2017 U17 World Cup

Have you seen any billboard or ad about the Fifa U17 World Cup? If not, here’s why

It’s now less than a month to go before the first ever Fifa tournament hosted by India but is it being marketed?

The 2017 Fifa Under-17 World Cup kicks off in India on October 6. The first ever Fifa tournament to be hosted by India will see matches being played across six venues in New Delhi, Navi Mumbai, Kolkata, Goa, Kochi and Guwahati. However, with just over three weeks left for the tournament to begin, the lack of any billboards or media advertisements about the tournament has left some sports marketing experts baffled.

“I have not seen a single billboard in Mumbai,” said a sports marketing professional who requested anonymity since he wasn’t authorized to speak with the media. “Stories related to the World Cup are being published in the media but there is nothing in terms of advertising.”

The Field reached out to people in the other five host cities as well and no one had seen a single billboard or ad about the World Cup in their city.

“For something like the Fifa U17 World Cup, with less than a month to go, I don’t see it marketed adequately in India despite it being a huge opportunity,” said the professional quoted above. “Apart from the official broadcaster Sony, which is running a countdown to the tournament on its channels, nobody else is taking actively to it.”

When it comes to events as big as a Fifa World Cup, experts said light marketing begins at least six months prior to the tournament and then the heavy bits in the three months leading up to the event. However, this is an Under-17 World Cup, which isn’t as important for sponsors and for the global community as it is for India, according to marketing experts.

“Traditionally, Under-17 World Cups don’t have the budgets to do too much marketing,” said Joy Bhattacharjya, project director at the Local Organising Committee of India 2017. Bhattacharjya refused to divulge the marketing budget for the tournament, but said that the organising committee had been doing a lot of on-ground activities to generate a buzz, rather than buying advertisements.

The rise of on-ground marketing

The organising committee is focusing on hosting tournament-related activities on ground, which get what is called earned media coverage as opposed to the paid variety. “We spend our budget mostly on [organising] events, on earned media, digital and radio [marketing] closer to the tournament,” he said.

“For example, we had the launch of the emblem, the Mission 11 Million programme, the official mascot, the anthem. We had [former Spain captain Carles] Puyol come and launch the sale of tickets. We are focusing on radio right now. We’ve worked out a campaign with Radio Mirchi that focuses on the six host cities. That’s where the main money is spent.”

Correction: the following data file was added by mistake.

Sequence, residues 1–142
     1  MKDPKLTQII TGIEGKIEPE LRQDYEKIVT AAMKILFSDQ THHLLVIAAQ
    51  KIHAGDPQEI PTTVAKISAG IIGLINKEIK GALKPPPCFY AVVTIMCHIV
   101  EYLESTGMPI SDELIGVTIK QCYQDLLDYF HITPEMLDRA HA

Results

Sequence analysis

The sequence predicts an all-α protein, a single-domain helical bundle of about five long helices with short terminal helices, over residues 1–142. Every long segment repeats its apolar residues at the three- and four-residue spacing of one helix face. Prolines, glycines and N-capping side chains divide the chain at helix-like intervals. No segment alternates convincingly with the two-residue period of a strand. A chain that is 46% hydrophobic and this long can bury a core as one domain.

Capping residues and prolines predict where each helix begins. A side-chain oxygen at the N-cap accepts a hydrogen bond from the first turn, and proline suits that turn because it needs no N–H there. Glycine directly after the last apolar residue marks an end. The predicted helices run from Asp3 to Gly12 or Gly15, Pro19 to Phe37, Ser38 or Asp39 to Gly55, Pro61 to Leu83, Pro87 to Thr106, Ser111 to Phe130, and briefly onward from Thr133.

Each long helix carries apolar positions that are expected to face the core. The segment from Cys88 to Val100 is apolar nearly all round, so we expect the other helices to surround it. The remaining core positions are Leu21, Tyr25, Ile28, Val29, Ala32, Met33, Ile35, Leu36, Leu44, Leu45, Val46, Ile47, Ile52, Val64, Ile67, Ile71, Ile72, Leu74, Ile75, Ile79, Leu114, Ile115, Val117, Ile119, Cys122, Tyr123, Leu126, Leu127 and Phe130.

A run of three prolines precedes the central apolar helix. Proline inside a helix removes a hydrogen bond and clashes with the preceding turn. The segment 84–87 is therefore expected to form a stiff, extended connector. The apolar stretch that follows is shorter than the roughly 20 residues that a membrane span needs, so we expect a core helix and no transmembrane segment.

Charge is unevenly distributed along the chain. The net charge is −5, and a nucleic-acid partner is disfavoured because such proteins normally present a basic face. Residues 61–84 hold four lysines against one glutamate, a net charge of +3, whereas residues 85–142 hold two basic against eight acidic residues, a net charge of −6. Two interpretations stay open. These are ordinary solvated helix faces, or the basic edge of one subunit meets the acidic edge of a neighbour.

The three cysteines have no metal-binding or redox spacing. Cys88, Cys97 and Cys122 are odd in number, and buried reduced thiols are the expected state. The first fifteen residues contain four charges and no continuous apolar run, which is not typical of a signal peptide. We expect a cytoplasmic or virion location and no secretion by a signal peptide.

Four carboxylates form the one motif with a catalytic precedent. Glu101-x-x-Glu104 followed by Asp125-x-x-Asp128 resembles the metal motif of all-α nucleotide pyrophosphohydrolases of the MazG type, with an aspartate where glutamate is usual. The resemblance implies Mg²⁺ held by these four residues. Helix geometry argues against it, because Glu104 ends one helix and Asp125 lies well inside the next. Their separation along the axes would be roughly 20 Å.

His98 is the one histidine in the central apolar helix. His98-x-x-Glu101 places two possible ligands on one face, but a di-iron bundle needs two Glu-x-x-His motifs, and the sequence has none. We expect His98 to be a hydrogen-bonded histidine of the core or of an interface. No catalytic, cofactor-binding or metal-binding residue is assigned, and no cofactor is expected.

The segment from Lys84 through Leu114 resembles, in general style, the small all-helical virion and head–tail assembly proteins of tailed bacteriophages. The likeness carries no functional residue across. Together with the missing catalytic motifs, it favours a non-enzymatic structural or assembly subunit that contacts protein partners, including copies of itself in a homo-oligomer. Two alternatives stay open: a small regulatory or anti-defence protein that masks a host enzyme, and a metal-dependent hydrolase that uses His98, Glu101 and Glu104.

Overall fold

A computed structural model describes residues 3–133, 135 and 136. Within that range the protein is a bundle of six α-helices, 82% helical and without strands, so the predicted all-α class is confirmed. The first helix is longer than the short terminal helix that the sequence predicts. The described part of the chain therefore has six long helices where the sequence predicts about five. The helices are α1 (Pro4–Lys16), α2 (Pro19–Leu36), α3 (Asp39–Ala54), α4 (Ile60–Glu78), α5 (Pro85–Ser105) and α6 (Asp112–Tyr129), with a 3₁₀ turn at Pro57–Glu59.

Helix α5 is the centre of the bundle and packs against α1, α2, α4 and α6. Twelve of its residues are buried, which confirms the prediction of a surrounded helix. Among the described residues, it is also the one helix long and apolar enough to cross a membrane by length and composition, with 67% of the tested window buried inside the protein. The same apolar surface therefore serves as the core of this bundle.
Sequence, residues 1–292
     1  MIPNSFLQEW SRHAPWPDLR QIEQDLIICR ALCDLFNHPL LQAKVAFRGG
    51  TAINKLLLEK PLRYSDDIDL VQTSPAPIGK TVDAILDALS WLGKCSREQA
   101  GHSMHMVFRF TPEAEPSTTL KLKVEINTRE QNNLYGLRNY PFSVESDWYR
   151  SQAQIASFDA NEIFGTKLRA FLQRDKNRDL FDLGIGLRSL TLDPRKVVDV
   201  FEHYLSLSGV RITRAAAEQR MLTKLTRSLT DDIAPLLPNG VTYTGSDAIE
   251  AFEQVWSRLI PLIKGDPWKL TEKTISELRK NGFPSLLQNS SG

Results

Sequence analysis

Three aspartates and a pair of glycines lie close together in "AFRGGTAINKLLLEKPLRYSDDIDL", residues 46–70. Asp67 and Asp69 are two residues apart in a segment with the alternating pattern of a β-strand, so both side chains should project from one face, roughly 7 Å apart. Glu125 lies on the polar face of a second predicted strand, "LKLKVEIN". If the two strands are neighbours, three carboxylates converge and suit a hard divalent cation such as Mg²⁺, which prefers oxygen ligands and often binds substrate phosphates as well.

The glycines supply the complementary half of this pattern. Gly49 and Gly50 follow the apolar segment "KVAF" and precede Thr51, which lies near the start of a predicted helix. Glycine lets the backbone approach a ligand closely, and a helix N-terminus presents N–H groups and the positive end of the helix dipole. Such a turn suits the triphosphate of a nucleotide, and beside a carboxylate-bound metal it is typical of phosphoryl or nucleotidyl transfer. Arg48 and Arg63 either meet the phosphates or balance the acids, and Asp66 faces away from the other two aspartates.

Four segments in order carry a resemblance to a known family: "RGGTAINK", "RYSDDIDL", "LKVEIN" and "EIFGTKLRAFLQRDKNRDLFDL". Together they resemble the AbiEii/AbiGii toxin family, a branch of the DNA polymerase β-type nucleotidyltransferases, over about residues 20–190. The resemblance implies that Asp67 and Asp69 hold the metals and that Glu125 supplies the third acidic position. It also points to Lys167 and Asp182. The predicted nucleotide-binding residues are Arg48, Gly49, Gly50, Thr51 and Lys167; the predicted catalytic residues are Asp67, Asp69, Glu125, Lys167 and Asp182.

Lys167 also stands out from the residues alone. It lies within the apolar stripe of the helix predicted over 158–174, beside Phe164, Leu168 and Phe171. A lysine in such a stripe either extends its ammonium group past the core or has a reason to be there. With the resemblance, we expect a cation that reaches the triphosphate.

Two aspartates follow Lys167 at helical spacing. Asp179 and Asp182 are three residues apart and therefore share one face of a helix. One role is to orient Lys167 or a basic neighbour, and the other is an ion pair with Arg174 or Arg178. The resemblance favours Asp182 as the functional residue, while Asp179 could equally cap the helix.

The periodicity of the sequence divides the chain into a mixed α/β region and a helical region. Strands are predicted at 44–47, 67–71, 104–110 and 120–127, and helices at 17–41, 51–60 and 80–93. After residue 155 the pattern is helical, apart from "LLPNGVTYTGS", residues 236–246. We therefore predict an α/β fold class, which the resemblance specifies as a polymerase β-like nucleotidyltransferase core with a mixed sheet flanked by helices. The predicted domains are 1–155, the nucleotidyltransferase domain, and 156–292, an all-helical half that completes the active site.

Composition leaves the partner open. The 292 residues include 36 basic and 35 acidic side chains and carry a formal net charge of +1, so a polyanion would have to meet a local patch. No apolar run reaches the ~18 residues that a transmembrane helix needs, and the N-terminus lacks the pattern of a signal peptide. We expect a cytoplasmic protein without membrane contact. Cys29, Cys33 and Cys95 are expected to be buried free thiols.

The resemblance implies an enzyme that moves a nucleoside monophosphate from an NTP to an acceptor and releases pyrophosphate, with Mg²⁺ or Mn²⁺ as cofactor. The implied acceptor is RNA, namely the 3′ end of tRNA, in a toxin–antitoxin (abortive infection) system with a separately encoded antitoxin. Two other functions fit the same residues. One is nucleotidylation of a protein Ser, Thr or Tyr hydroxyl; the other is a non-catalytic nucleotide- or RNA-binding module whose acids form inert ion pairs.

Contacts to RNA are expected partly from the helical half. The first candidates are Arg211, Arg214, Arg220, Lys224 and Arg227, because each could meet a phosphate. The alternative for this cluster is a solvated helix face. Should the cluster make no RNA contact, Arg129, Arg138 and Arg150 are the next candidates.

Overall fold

The organising committee is focusing on hosting tournament-related activities on ground (Image: IANS)
The organising committee is focusing on hosting tournament-related activities on ground (Image: IANS)

On-ground promotion, as opposed to media spend, has been on the rise, according to Rajesh Kumar, a sports marketing consultant. “Until a few years ago, there was only TV and print promotion. However, that is changing. For a tournament like the U17 World Cup, your target audience is the youth. If you organise on-ground marketing activities at, say, schools and colleges, the reach is far more and far sharper than having print ads.”

On-ground marketing also works out to be cheaper than media spend. A single billboard advertisement in Mumbai costs anywhere between Rs 30,000 to Rs 14 lakh per month, depending on the size and location, according to media buying platform The Media Ant. A full front-page ad in the Times of India, the country’s most circulated English daily, can cost anywhere between a few lakhs to Rs 1.5 crore depending on the city.

“On the other hand, if you do an on-ground activation programme at a college, you can get it done in, say, Rs 50,000 to Rs 60,000,” said Kumar. “So you can cover multiple colleges in the same budget [as it takes for a media ad]. You can organise tournaments, get celebrities to attend events, boost engagement with fans. The reach will be far more focused.”

Bhattacharjya also said that putting up billboards was the responsibility of the host cities and assured that it would be done in the next two-to-three weeks. “No [media] campaign in India starts 15 days before the tournament begins. We just don’t have the budgets, especially considering it is festival time [when prices of advertisements shoot up]. It is purely a matter of sustainability more than anything else.”

Money spent wisely?

Most sports marketing experts The Field spoke to bought Bhattacharjya’s claim that the organising committee does not have a huge marketing budget. While Fifa earmarked $18 million, or Rs 115 crore, for the U17 World Cup, most of the money has gone into development of infrastructure. But whatever little budget was available for marketing, has it been spent wisely?

“I would have liked to see a bit more spend on digital marketing,” said another industry expert who requested anonymity. “I agree it doesn’t make sense to spend too much on billboards and media ads but I haven’t seen any marketing campaigns online as well. The target audience for this tournament is kids from 10-12 years of age to young adults, so digital is the best way to reach them. The organising committee is not doing enough on this front. Everything has been offline and I’m not sure that’s the right strategy.”

While the onus is largely on the organising committee, sponsors are also responsible for marketing a tournament and there has hardly been any action on this front as well. Apart from Fifa’s official global partners such as Coca Cola and Visa, the U17 World Cup has three local sponsors in Bank of Baroda, Hero Motocorp and Coal India.

The three companies have been supporting and promoting the organising committee’s on-ground activities but there hasn’t been any evidence of any other initiatives apart from this. The Field reached out to Bank of Baroda and Hero Motocorp for a comment but did not get a response before this story was published.

The organising committee is not worried about support from its national supporters because Fifa has global partners from where sponsorship money will come in, said the sports marketing professional quoted earlier. “They just want to do proper on-ground activation, not overshoot their budget, conduct the tournament smoothly and get some people to say it was a job well done. That’s all that matters.”

We welcome your comments at letters@scroll.in.
Sponsored Content BY 

Behind the garb of wealth and success, white collar criminals are hiding in plain sight

Understanding the forces that motivate leaders to become fraudsters.